Updated: Jun 18, 2021
Living in Singapore might be a blessing in disguise – the most “disaster” we face might probably be a cyber attack, flood, power outage, road closure, or even the recent COVID-19 outbreak! However, I am sure if you watch the news, you will be shocked by the catastrophes around the world from wild fires to even hurricanes and tsunamis.
So let’s face it. Disasters happen, whether we like it or not. And when it strikes, your business needs to be ready to implement its business continuity and disaster recovery plans.
Business Continuity. Disaster Recovery.
Same difference? Well, I’m not too sure about that.
The terms Business Continuity and Disaster Recovery are in reality NOT interchangeable though many seem to think otherwise. Business Continuity (BC) and Disaster Recovery (DR) are two entirely different strategies, each of which plays a significant aspect in safeguarding business operations.
And when it comes to protecting your data, it is very crucial to understand the differences and plan ahead.
So what is Business Continuity?
Business Continuity has a wider scope.
Business Continuity management refers to the processes and procedures that associates take to make sure that regular business operations continues to operate in the event of a disruption or disaster.
Basically, it’s a way of temporarily addressing the disruption until you’re able to fix the issue.
It can mean the difference between survival and total shutdown. It is based on a relentless analysis and isolation of critical business processes.
Let me give you an example. Let say your office is flooded. A BCP (business continuity plan) would explain how to secure your important assets and how to ensure staff still have somewhere to work. This might consist of setting up a temporary office or asking your employees to share desks or work from home.
BCPs typically focus on network connections, online systems, phone lines, network drives, servers and business applications. Effective plans will be able to get systems back up and running promptly, so as to minimize any loss of productivity during the disaster.
What is Disaster Recovery?
Disaster recovery is a subspace of total business continuity planning. A DR plan involves restoring vital support systems and includes getting systems up and running following a disaster.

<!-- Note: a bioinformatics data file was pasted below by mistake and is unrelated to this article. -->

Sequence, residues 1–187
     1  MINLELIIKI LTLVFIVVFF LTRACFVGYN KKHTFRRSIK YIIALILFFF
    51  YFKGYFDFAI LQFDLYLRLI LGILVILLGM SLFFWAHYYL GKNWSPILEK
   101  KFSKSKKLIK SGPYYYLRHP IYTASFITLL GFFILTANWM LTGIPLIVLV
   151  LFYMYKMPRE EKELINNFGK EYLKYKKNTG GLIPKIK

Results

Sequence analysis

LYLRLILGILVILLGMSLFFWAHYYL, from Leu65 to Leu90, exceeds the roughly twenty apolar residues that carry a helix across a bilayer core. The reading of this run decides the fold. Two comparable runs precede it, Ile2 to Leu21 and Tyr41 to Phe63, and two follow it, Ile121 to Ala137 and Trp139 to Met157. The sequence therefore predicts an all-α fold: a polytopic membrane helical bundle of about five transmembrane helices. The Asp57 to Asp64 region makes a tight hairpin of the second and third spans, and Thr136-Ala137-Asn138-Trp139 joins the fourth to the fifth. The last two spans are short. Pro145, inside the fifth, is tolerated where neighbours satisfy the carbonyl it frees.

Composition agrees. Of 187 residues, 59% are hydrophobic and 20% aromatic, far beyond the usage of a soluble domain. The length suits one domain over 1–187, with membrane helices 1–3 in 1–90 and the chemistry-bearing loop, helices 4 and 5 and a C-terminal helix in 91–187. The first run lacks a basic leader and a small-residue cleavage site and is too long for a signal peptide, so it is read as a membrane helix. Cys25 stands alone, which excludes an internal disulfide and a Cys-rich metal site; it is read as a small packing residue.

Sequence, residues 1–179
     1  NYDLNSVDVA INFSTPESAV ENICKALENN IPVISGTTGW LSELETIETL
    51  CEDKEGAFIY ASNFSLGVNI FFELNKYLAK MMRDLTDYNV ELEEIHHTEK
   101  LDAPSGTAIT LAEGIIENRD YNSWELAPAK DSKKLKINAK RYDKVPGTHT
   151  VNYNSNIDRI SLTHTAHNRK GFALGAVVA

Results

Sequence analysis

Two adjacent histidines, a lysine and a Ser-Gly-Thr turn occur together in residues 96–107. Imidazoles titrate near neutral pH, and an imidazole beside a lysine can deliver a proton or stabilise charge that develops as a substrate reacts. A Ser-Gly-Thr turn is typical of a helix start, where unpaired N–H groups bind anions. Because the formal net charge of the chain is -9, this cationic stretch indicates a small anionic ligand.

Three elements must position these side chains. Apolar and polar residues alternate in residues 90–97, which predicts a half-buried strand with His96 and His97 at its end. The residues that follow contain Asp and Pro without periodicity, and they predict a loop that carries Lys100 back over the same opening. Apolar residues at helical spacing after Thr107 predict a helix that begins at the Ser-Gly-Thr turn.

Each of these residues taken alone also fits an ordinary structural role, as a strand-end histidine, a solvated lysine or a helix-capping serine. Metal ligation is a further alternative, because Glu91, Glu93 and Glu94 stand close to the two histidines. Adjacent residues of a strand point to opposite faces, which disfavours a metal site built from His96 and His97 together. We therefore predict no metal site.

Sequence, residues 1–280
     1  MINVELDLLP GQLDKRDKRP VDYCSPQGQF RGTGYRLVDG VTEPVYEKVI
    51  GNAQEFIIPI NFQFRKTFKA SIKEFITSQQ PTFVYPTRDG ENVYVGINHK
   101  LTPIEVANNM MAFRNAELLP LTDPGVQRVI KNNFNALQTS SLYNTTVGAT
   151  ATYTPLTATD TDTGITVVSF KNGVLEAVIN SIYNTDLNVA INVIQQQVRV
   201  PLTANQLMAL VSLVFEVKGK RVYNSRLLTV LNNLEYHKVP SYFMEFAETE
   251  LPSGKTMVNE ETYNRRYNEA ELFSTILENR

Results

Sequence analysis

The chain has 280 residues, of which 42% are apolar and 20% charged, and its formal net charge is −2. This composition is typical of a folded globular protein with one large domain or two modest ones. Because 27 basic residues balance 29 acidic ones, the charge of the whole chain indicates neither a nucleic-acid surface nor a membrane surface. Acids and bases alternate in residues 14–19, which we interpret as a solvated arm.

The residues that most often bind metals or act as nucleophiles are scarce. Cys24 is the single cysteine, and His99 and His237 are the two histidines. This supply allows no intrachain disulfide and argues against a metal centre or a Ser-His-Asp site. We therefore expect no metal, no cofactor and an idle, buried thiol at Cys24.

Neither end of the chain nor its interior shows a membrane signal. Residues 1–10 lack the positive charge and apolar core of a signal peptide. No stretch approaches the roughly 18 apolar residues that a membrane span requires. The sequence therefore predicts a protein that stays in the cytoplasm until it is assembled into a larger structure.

Those systems are mostly communications, hardware, and IT assets. Disaster recovery aims to minimize business downtime. It focuses on getting technical operations back to normal in the shortest time possible. At its most basic level, it involves identifying the source of the incident and finding a way to fix it. However, the plans are usually very technical and focus on specific deadlines that must be met to prevent catastrophic damage.
It will include things such as RTOs (recovery time objectives), which are estimates of how long it will take for a product, service or activity to become available following an incident. Organisations must be able to get back up and running within this time, or else the levels of disruption will escalate.
Let’s return to our example of the flood. An organisation should prepare for the possibility that its servers will become water-damaged and that its systems will need to be restored from a backup. The RTO will be however long it takes that restore to happen, which could be anything from a couple of days to a couple of weeks.
This is where disaster recovery and business continuity overlap. BCPs are planned according to the estimated recovery time. So, in this example, the organisation needs to find a way to operate without its servers for the duration of the RTO.
There will then be subsequent objectives for other issues, such as the cause of the flood and the damage to the property. It’s only once every part of the organisation is fixed that the organisation can return to its original setup and the BCP is no longer in operation.
Let me summarize it for you.
Basically, business continuity planning is a strategy. It consists of a plan of action and ensures continuity of regular business operations during a disaster with minimal service outage or downtime.
Disaster recovery is a subset of business continuity planning. A business disaster recovery plan has the capability to restore data and critical applications in the event your systems are destroyed when disaster strikes.
In this sense, business continuity and disaster recovery are hence complementary to one another!